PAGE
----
Can the Arab League Be Civil Society’s Partner for Human Rights?
By Mervat Rishmawi
It comes as no surprise that people in the Arab world and beyond largely view the League of Arab States as a futile and ineffective organization serving the interests of governments rather than addressing human rights concerns. Since its creation in 1945, the League has made little effort to address the dire human rights situation in the Arab world—one of the triggers of the “Arab uprisings”—much less improve it.
This is partly due to the absence of meaningful direct links between the Arab League, victims of human rights violations, and civil society. Unlike similar organizations, the League grants civil society organizations observer status only—and even then, only a few organizations are allowed this access on the basis of very restrictive criteria.
This is regrettable because, as a regional intergovernmental organization, the Arab League is well positioned to assume a much-needed leading role in the promotion and protection of human rights in the Arab world. And indeed, in the last few years, the League has taken some steps towards this objective. It adopted the Arab Charter on Human Rights in 2004 and established the Arab Human Rights Committee to review and highlight states’ progress as well as shortcomings with respect to human rights. The current process for redrafting the Arab Refugee Convention may result in a document more respectful of international standards. The latest reform of the Arab League Charter, now in its final stages, could also lead to the incorporation of human rights protection as one of the League’s founding principles.
Although these are all welcome steps, they are not without flaws. The most glaring shortcoming is the exclusion of civil society and victims of violations from the Arab League’s procedures and processes. For instance, the statute of the Arab Court for Human Rights, a new body established in 2014, was drafted without input from civil society organizations or human rights experts, and thus contains critical flaws. Individuals cannot bring cases directly to the court; only states can do so on behalf of their citizens, greatly limiting the court’s power to redress human rights violations and bring perpetrators to justice.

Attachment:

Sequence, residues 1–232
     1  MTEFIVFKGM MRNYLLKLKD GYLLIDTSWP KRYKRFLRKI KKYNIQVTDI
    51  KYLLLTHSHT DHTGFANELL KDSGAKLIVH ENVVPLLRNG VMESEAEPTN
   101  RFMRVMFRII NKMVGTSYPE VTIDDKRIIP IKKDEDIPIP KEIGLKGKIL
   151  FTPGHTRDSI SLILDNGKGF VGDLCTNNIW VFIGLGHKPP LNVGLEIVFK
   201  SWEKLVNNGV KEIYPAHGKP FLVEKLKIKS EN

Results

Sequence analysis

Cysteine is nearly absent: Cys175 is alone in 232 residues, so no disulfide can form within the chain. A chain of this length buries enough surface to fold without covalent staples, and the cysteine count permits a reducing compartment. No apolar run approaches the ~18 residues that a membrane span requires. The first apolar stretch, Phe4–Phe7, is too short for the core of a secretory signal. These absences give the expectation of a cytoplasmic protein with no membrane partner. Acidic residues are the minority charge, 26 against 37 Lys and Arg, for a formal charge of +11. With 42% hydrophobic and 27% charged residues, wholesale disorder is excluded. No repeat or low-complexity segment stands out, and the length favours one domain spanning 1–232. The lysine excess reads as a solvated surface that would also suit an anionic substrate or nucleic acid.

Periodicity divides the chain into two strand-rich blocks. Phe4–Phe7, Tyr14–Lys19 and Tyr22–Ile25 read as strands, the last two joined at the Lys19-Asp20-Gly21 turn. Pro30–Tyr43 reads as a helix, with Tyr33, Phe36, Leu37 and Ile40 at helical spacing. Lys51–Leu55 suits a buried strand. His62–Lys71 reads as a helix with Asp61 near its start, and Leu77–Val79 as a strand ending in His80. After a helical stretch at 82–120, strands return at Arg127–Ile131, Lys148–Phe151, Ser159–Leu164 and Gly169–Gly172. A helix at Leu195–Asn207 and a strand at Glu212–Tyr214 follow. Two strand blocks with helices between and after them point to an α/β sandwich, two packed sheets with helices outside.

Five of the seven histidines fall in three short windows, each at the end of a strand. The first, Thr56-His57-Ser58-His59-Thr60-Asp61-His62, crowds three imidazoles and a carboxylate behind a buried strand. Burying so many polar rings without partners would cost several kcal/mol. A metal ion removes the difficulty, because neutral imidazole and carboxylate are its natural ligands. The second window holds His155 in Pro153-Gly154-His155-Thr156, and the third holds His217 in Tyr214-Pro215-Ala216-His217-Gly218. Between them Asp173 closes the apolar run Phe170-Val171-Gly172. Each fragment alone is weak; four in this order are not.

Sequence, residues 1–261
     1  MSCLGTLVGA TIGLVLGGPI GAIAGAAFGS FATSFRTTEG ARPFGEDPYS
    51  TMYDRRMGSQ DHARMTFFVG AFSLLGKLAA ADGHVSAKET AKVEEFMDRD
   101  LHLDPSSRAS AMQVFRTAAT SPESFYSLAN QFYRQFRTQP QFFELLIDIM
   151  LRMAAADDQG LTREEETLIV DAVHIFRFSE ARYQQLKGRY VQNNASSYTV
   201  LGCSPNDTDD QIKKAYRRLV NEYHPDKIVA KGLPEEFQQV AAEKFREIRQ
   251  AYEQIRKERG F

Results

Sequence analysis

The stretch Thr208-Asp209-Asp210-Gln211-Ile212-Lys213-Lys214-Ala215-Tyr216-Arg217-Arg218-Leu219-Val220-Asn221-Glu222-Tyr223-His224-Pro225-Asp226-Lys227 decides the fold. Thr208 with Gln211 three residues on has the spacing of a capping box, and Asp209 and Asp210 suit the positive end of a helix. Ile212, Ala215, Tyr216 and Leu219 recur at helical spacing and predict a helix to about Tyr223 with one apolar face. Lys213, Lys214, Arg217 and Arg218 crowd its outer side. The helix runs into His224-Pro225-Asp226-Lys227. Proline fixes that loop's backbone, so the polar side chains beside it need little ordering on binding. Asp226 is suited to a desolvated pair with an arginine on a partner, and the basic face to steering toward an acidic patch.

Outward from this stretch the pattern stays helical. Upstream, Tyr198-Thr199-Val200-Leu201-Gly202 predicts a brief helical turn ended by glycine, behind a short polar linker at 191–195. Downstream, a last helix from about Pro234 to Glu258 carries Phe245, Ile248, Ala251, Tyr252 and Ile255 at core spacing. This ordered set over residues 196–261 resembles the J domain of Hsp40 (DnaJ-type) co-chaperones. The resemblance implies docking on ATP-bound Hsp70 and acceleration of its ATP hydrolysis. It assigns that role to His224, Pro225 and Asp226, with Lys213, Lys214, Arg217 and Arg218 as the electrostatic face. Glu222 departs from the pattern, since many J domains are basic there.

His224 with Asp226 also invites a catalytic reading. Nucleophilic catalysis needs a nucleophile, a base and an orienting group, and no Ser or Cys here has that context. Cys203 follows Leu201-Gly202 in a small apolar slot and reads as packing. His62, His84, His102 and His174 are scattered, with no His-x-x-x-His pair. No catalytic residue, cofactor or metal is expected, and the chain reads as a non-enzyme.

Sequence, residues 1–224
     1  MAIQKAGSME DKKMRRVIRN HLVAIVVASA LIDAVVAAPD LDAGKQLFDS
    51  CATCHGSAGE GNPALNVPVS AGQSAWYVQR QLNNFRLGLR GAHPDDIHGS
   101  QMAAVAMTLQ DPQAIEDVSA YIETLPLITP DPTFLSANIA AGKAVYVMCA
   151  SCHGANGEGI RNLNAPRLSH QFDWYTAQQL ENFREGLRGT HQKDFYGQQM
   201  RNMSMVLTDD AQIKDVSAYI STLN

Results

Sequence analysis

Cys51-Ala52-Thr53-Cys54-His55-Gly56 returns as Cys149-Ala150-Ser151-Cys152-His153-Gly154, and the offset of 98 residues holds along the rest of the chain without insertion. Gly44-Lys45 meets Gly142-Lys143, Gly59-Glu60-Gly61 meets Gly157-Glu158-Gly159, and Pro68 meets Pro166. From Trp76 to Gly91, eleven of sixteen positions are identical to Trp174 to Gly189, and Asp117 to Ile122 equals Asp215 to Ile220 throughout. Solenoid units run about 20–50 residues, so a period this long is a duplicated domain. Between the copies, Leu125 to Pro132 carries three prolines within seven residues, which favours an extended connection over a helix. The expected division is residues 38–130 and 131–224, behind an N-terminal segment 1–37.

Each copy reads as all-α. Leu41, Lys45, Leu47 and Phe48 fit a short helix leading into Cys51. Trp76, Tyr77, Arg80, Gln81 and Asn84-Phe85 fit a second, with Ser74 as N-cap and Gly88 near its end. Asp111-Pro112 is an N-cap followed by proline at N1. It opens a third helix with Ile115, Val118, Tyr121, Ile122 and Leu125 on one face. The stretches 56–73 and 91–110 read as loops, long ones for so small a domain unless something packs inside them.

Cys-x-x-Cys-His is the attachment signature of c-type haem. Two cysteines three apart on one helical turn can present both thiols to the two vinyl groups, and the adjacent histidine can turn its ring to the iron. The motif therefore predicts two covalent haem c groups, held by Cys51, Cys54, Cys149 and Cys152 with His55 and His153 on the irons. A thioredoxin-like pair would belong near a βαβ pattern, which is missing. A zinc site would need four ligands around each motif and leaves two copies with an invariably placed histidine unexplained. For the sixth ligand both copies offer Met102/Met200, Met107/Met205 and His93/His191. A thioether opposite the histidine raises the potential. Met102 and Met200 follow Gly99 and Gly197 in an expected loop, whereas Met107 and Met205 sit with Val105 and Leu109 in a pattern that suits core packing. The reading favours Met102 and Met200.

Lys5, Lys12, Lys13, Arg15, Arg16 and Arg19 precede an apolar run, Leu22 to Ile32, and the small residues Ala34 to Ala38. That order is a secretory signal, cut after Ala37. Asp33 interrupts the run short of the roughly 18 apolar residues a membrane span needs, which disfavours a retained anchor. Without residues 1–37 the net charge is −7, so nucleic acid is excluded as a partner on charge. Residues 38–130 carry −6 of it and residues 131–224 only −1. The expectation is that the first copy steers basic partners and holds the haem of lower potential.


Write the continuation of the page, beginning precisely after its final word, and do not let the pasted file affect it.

This raises a fundamental question of whether we, civil society organizations, should advocate for human rights through the Arab League, or assume that it is a lost cause. Our new publication, The League of Arab States: Human Rights Standards and Mechanisms, argues that the more we engage with the League, the more we will influence it.
The Arab League has the potential to play a larger role in the protection of human rights. This is why, over the last 20 years, human rights, humanitarian, and development organizations have engaged with various bodies of the Arab League. Although such efforts resulted mostly in limited success, some had impact. For example, many organizations made specific proposals during the drafting process of the Arab Charter on Human Rights. Some of their views were adopted by the drafting committee and are now reflected in the charter.
Understanding the Arab League, and its standards and mechanisms, is essential for civil society organizations to identify future opportunities to influence it. This requires a coherent and strategic approach. The change may be slow, but persistence and informed vision will enable us to contribute to the reform of the Arab League and push it to be a driving force for the protection and promotion of human rights in the Arab world.
Mervat Rishmawi is an expert on human rights in the Arab region and the League of Arab States at the Arab Regional Office of the Open Society Foundations.